A man convicted of murdering an Oak Park woman in 2003 will still face the death penalty despite his appeals, the Illinois Supreme Court ruled Thursday.
Rodney Adkins, who was sentenced to death in 2007 for murdering Catherine McAvinchey after she walked in on him burglarizing her Washington Boulevard condo, had appealed to the Supreme Court, saying his original trial had been flawed.
However, the court upheld the ruling and the death sentence in this case, writing in its opinion that Adkins’ original trial was fair, and that the death penalty was appropriate in this case.
Adkins “has an extensive criminal record. He cannot claim to have led a relatively blameless life, or to have been reacting to a perceived threat of physical violence,” the Supreme Court wrote. “He killed a helpless woman, who could not have prevented him from fleeing the scene.”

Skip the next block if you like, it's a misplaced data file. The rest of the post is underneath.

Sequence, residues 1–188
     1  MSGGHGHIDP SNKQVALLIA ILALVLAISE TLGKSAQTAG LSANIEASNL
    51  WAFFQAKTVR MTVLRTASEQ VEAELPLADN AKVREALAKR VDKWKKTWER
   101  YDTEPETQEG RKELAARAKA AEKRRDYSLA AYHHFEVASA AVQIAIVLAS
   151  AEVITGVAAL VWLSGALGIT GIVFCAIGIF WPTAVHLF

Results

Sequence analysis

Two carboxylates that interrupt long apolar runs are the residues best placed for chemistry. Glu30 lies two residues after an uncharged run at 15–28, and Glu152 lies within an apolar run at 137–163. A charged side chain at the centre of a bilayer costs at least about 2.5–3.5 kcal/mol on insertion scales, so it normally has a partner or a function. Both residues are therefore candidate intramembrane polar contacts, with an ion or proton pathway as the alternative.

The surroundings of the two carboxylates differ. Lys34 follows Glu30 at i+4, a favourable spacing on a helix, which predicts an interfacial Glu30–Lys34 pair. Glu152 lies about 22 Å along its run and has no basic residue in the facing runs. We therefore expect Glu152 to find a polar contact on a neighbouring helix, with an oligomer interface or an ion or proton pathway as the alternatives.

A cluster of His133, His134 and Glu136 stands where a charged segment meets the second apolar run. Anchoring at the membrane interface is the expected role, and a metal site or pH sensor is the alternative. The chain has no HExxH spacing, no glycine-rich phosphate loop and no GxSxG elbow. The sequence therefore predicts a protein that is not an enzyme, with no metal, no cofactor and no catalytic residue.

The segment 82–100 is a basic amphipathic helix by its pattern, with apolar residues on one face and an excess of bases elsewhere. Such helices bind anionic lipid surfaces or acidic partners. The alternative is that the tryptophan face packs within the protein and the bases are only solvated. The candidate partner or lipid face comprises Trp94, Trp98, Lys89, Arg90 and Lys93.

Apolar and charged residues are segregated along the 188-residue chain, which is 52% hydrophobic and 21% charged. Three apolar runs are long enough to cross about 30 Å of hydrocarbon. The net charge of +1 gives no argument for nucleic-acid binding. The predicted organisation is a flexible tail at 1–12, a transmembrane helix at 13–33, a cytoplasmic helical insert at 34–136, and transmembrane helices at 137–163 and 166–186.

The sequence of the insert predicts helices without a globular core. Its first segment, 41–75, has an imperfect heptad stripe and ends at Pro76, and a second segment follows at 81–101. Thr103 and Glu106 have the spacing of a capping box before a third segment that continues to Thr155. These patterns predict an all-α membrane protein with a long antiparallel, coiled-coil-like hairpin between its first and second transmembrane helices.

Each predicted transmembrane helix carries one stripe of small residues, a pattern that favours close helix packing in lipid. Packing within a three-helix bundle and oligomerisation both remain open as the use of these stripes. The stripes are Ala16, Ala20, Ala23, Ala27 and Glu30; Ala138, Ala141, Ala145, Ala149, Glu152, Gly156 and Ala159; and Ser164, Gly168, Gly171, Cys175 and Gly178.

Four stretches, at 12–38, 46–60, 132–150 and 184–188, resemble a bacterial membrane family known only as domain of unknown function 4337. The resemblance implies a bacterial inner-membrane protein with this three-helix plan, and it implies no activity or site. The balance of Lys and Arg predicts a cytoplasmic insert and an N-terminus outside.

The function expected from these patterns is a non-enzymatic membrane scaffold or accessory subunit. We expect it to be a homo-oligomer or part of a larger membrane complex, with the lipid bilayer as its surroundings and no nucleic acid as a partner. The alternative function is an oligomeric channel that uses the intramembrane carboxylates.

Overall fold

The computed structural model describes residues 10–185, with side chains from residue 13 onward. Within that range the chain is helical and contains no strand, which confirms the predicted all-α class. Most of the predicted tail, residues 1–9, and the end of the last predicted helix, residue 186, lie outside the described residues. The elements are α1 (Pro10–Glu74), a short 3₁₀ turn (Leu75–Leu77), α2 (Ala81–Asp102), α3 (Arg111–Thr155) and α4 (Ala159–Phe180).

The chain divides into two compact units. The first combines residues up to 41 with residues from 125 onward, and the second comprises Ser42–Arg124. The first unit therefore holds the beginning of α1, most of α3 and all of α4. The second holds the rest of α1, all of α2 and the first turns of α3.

Adkins’ attorneys argued that a life sentence in prison would be punishment enough. Over his numerous prison stays prior to McAvinchey’s murder, he had often shown good behavior and had not been a danger to other inmates.
However, the court said that without an incentive for early release, Adkins’ good behavior might disappear.
“If faced with the reality of a sentence of natural life in prison and the certainty that he will die there, the incentive for good behavior will evaporate,” the court wrote.
Adkins’ execution is set for March 15, 2011. However, former Illinois Gov. George Ryan’s moratorium on the death penalty is still in place.